We had a great time at the Cal Shakes performance of A Midsummer Night's Dream this afternoon. Contrary to silly Merc "where are my fairies?" review, we felt that this cheeky reconstruction was better paced than a traditional rendering, and it brought out better the sharp edges of love that are sometimes gilded by fairy light. Doug Hara as a Puck bubbling with physical humor, Danny Scheie as a full-of-himself Bottom, and Lindsey Gates as a sharply snippy Helena were my favorites, but the whole cast did a great job in keeping the play moving and entangling humor, fear, and sexual tension.
Sunday, September 27, 2009
Sunday, September 20, 2009
Localization of emotion perception in the brain of fish: This is beautiful work, showing that certain areas in the brain of mature Atlantic Salmon 'light up' when the animal is asked to categorize the emotions expressed by a set of (human) faces:
More amazing still is the fact that the fish performed this task while dead. (Via Language Log).
Read the whole thing. Some great comments too, and links to related material. Don't laugh too hard at fMIR misinterpretations, we are all susceptible to wishful thinking and to reading too much into laboriously collected data, and all statistical analyses of complex data use simplifications that could get us in trouble.
Someone better at comedy than me might have a go at translating the Monty Python dead parrot pet shop sketch into a dead salmon sketch at a neuroimaging conference. At least "pining for the fjords" would be just right already.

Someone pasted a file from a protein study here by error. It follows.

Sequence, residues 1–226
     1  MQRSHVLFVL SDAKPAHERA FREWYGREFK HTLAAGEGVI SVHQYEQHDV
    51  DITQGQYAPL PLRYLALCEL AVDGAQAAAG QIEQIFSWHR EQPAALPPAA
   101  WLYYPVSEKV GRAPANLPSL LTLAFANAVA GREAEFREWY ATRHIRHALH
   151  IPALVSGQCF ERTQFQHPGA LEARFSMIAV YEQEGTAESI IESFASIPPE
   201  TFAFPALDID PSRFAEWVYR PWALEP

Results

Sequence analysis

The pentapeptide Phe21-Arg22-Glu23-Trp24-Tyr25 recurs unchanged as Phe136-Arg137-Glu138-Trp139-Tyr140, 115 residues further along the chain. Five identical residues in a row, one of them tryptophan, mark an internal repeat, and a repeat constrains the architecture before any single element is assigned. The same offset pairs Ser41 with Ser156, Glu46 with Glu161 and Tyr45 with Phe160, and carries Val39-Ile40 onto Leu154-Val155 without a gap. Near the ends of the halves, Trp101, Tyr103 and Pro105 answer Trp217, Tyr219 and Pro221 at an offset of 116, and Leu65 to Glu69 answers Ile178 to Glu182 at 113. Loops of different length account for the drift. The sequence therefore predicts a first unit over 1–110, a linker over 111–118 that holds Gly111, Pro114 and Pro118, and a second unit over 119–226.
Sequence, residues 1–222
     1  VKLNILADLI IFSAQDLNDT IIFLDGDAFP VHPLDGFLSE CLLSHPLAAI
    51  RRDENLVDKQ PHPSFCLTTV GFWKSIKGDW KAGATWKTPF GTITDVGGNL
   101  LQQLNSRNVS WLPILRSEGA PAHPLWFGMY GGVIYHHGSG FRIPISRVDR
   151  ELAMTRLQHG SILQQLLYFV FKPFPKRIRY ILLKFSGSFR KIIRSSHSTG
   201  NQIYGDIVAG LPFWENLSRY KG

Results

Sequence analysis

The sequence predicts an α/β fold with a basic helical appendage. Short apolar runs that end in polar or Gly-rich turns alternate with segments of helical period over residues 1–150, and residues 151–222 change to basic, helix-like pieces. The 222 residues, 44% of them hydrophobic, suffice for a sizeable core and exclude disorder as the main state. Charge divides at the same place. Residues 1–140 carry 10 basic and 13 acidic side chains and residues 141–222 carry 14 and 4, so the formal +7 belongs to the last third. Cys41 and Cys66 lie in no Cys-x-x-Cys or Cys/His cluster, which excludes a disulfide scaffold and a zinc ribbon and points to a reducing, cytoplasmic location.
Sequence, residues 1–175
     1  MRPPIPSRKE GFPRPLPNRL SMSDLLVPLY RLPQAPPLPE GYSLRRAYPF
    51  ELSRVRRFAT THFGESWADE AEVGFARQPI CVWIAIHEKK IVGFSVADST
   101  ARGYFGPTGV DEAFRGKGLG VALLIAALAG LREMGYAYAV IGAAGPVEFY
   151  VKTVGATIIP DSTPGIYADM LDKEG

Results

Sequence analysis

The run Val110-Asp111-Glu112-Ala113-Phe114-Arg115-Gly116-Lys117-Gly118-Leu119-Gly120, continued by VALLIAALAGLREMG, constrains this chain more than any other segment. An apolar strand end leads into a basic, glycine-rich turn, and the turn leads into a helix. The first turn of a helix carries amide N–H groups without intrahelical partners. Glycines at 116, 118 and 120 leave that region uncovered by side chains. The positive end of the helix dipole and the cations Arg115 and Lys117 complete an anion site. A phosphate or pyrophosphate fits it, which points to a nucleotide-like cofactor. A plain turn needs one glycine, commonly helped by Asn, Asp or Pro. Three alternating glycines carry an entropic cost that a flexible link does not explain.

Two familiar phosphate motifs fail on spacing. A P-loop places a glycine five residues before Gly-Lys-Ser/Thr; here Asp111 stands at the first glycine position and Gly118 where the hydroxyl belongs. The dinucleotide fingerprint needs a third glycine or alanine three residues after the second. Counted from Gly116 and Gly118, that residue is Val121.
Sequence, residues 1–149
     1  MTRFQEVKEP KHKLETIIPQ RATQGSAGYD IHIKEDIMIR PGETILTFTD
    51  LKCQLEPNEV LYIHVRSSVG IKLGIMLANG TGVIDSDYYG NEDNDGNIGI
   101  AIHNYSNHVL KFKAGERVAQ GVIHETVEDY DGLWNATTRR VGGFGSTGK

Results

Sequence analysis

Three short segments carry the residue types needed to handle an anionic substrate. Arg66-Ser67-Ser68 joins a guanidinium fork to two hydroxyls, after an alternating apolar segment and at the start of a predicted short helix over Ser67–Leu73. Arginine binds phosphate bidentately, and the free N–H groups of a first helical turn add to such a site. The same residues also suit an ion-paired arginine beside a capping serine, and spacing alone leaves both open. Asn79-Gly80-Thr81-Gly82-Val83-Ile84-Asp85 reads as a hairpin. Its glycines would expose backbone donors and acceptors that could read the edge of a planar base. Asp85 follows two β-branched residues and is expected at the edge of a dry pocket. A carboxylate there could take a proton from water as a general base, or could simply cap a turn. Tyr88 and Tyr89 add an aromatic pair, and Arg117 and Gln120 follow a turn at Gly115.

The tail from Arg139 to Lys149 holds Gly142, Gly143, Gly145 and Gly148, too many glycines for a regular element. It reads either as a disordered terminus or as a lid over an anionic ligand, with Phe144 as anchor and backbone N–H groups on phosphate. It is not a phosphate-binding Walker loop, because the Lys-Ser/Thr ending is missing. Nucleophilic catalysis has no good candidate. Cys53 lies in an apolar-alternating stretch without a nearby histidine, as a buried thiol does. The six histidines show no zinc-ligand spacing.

Saturday, September 12, 2009
As I noted in a comment to the original posting, the work of Chris Fuchs and his collaborators gives intriguing ways out from the apparent contradiction between conditional probability and quantum mechanics. Fuchs's latest paper on the subject is Quantum-Bayesian Coherence.
Friday, September 11, 2009
on behalf of the British government, and all those who live freely thanks to Alan's work I am very proud to say: we're sorry, you deserved so much better.(Via Language Log)
If you read the whole Downing Street statement, you might feel a twinge of regret that Turing's other gigantic contributions to humanity beyond cracking Enigma were not mentioned, but the apology is nevertheless strong and poignant, and Gordon Brown deserves praise for saying clearly what had been unsaid for so long by those in power. Thank you.
Sunday, September 6, 2009
I spoke recently at a VLDB panel where I really wanted to come at the issues from this point of view, but I felt that it would sound way too abstract to a database audience. Maybe I shouldn't have chickened out, but you can't demolish a deeply vested set of assumptions in just seven minutes...